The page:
OSHA: Occupational Safety & Health Administration • Federal and State • Primary concern: YOU • Safe work place
How do Regulatory Agencies decide on what to focus on? • Focus on QUALITY • Focus on PATIENT SAFETY • Focus on BEST PRACTICE • Focus on PATIENT SATISFACTION • Input from: • Institute for Healthcare Improvement • National Quality Forum
Why Participate? • Because QUALITY, BEST PRACTICES & Patient Safety are IMPORTANT! • And because we are rewarded for good practice
What do we focus on here? • Best Practices around patients with: • Pneumonia • Heart Failure • AMI • Surgical patients • Quality in all the services we provide: • from food to diagnostic tests • Patient Satisfaction • All inpatients and outpatients are surveyed
What do we focus on here? • Patient Safety • Culture of Safety • Recognition of unsafe conditions and environments • Recognition of situations that could result in a problem or undesired outcome • Talking about what we can do to make our workplace safer • Communication!
What is it? Best Practices identified by CMS as contributors to better outcomes, decreased length of stay and decreased occurrence of readmission The diagnoses include: Heart Failure Pneumonia Acute Myocardial Infarction Surgical Care Improvement Project Core Measures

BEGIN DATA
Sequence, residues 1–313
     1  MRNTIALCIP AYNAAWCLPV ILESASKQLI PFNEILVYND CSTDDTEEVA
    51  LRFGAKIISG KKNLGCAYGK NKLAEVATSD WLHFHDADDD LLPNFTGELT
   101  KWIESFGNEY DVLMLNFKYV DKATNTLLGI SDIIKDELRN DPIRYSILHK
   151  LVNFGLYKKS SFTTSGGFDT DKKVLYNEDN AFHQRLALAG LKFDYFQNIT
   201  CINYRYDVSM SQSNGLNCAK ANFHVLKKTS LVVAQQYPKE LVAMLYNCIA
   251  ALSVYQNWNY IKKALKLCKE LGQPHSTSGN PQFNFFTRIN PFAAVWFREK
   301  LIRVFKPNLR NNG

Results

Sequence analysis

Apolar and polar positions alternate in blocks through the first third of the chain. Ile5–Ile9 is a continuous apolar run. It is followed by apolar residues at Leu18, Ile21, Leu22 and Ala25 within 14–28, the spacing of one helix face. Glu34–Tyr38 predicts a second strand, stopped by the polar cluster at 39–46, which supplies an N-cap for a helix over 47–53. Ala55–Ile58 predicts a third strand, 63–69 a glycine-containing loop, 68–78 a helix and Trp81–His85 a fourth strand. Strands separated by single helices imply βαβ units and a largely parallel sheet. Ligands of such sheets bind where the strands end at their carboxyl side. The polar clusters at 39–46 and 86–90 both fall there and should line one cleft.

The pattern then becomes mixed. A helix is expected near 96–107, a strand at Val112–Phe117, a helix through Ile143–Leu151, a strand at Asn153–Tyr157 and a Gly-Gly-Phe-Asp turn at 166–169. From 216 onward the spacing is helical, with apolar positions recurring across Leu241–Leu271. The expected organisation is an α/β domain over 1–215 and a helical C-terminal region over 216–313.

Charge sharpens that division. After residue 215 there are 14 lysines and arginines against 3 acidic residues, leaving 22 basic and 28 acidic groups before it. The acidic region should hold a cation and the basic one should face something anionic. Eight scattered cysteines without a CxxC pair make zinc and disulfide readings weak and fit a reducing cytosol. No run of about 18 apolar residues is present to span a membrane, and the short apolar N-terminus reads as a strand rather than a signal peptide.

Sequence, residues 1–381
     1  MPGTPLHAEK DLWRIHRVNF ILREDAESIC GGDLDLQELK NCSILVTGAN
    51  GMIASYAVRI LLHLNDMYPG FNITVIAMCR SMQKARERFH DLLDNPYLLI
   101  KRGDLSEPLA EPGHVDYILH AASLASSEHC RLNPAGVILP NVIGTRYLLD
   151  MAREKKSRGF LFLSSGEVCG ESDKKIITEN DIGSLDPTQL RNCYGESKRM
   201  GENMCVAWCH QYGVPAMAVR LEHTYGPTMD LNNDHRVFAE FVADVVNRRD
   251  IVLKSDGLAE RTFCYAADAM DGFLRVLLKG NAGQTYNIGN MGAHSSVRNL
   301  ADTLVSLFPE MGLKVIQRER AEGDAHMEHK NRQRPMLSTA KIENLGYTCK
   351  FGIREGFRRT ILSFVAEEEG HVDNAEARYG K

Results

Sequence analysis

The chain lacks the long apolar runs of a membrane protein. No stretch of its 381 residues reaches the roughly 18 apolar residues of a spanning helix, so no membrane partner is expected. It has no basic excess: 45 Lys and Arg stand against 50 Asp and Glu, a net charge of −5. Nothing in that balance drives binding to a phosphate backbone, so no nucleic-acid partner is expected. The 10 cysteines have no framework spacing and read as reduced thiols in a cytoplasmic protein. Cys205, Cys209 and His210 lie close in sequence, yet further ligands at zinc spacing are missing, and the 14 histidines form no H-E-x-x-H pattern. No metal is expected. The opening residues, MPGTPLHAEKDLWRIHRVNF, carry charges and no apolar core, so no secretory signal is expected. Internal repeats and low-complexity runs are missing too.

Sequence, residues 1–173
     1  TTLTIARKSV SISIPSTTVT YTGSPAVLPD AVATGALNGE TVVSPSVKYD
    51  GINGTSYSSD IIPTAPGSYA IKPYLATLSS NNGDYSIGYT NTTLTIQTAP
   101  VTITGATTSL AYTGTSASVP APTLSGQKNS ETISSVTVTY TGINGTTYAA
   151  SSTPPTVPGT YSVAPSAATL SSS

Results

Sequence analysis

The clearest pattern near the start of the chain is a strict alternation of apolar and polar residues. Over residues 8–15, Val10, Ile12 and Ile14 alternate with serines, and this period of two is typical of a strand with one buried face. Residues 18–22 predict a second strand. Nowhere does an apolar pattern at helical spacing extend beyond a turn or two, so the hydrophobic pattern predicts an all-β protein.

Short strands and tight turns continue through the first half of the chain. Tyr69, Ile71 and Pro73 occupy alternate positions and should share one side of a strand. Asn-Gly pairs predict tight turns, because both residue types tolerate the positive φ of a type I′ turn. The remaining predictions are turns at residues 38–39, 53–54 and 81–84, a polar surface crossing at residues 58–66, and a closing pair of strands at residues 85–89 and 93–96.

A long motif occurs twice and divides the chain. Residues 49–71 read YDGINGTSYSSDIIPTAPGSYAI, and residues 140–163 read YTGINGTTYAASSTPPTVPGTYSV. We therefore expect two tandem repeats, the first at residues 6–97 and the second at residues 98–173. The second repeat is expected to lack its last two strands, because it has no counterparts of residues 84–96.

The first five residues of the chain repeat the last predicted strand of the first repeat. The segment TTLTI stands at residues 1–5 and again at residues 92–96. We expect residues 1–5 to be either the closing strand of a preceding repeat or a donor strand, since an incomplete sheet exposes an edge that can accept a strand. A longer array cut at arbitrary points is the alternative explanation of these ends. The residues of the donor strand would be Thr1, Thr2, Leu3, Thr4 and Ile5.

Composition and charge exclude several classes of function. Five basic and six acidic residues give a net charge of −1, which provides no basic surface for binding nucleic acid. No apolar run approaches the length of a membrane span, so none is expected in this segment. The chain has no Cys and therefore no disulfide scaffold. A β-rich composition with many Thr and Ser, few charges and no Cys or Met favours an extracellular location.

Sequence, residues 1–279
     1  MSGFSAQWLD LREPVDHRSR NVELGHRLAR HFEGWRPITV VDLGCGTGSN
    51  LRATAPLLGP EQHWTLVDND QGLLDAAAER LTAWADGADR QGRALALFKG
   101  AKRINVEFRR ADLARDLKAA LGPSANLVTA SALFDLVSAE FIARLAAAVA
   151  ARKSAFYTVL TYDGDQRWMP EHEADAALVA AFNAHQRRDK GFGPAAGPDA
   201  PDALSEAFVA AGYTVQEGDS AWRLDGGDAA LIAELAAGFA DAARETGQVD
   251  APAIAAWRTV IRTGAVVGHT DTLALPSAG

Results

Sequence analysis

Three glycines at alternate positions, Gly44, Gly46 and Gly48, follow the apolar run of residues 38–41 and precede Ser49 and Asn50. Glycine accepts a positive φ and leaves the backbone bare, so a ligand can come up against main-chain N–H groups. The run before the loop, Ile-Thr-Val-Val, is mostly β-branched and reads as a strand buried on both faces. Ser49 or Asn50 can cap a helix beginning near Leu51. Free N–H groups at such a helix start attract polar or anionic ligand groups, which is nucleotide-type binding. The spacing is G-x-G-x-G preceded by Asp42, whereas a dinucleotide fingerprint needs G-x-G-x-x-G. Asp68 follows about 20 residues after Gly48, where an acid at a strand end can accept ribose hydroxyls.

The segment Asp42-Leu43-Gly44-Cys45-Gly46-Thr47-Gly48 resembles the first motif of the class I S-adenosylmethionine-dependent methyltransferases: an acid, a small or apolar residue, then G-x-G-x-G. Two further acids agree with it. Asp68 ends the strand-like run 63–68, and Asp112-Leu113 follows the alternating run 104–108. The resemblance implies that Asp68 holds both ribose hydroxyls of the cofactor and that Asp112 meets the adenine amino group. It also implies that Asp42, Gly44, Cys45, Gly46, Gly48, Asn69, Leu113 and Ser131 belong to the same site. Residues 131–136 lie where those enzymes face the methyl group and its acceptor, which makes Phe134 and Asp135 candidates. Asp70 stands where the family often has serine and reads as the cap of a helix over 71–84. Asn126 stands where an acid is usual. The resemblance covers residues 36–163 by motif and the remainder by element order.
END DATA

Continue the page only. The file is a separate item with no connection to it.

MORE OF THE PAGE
Used for reporting unanticipated events such as: Equipment failures Patients leaving AMA Falls If you notice a potential problem: Isolate the problem (the piece of equipment, etc) Report the problem to your supervisor or the department that can fix the problem Occurrence Report
Risk Management • Uses Occurrence Report information • Patient/Family complaints • If you hear a family or patient complaining, address the complaint if you can • If you can not address the complaint, report it to someone who can • “ABUSE” • “HARRASSMENT” • RED FLAGS!
Cultural Awareness • Why learn about cultural awareness?
Cultural Awareness • Help patients receive more effective care. • Improve your job performance and your job satisfaction. • Meet expectations of regulatory agencies.
Cultural Awareness • What is Cultural Awareness?
Cultural Awareness • Considering every patient’s culture when giving care. • Treating every patient, family member, visitor and co-worker as an individual.
BACK CARE BODY MECHANICS and LIFTING TECHNIQUES
A Healthy Back • Composed of 24 movable bones called vertebrae • Disks act like cushions • Muscles and ligaments support the back • Injury or disease = PAIN
A Balanced Back • Cervical, Thoracic, and Lumbar curves must be aligned • Ears shoulders and hips stacked • A healthy back is also protected and supported by well conditioned muscles
Preventive Back Care • Always warm up • Exercise the muscles that support your back • Stretch to improve flexibility • Posture is important